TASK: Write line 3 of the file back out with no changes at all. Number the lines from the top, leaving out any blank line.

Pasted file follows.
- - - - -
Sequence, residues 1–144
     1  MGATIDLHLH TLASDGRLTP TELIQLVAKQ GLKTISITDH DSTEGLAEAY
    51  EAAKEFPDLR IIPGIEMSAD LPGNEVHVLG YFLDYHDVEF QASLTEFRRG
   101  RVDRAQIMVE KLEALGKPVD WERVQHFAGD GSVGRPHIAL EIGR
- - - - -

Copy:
    51  EAAKEFPDLR IIPGIEMSAD LPGNEVHVLG YFLDYHDVEF QASLTEFRRG